He tried not to make any noise, but their house was very small, so inevitably, his Mom would wake up and come to find him sitting on the floor in what was to her eyes a pile of rubbish. She would convince him to go back to bed, but then he would be at it the following night, to the point she started wondering what the future held for her youngest son.

But Kelvin wasn’t looking at parts randomly. He had one of those minds that can visualize things no one else could see, he would assemble the parts in his head and try to turn his inventions into reality. And it wasn’t from anything he’d learned at school or in a book; it was all in his mind.

Of course, most of the things he imagined didn’t work the way he had in mind – some didn’t even work at all – but that didn’t stop him from trying. And he finally succeeded: at age 12, young Kelvin surprised his family, his friends and neighbors when he built a few equipment that actually worked!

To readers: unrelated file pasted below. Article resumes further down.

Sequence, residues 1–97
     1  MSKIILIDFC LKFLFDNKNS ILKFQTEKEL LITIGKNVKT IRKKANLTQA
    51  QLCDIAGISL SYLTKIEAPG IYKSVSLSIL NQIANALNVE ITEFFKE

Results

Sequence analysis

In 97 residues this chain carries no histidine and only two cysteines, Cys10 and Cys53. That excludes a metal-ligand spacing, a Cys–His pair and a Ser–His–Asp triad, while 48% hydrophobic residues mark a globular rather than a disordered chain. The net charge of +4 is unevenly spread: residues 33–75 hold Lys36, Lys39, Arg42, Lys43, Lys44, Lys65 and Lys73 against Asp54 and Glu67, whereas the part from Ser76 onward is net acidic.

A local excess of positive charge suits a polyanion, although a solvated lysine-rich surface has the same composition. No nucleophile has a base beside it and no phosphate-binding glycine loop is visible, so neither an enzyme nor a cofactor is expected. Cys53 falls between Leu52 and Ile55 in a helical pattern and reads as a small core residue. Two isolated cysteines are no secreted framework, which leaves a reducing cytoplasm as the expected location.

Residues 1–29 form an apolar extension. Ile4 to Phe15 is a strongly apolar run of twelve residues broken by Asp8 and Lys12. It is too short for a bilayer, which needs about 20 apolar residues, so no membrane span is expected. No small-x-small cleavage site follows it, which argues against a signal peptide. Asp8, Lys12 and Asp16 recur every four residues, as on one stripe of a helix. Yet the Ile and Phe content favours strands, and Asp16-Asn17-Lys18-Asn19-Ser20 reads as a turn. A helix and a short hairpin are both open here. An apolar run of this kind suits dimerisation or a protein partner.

“I built a three-channel mixer, a sound amplifier and a microphone receiver. Putting all these together, I realized I had built a music set!”

He decided to use his music set to entertain the neighborhood and took the name DJ Focus. Why ‘DJ Focus’? Because Kelvin believes that if one focuses, one can achieve anything in life.

At the age of 14, he took his DJ activity one step further: he added an FM transmitter and an antenna to his set and started a community radio, which he used to broadcast news to his neighbors and play music requests. The radio station was powered by a generator he built him-self!

It will come as no surprise to hear that the local media talking about this young inventor/DJ!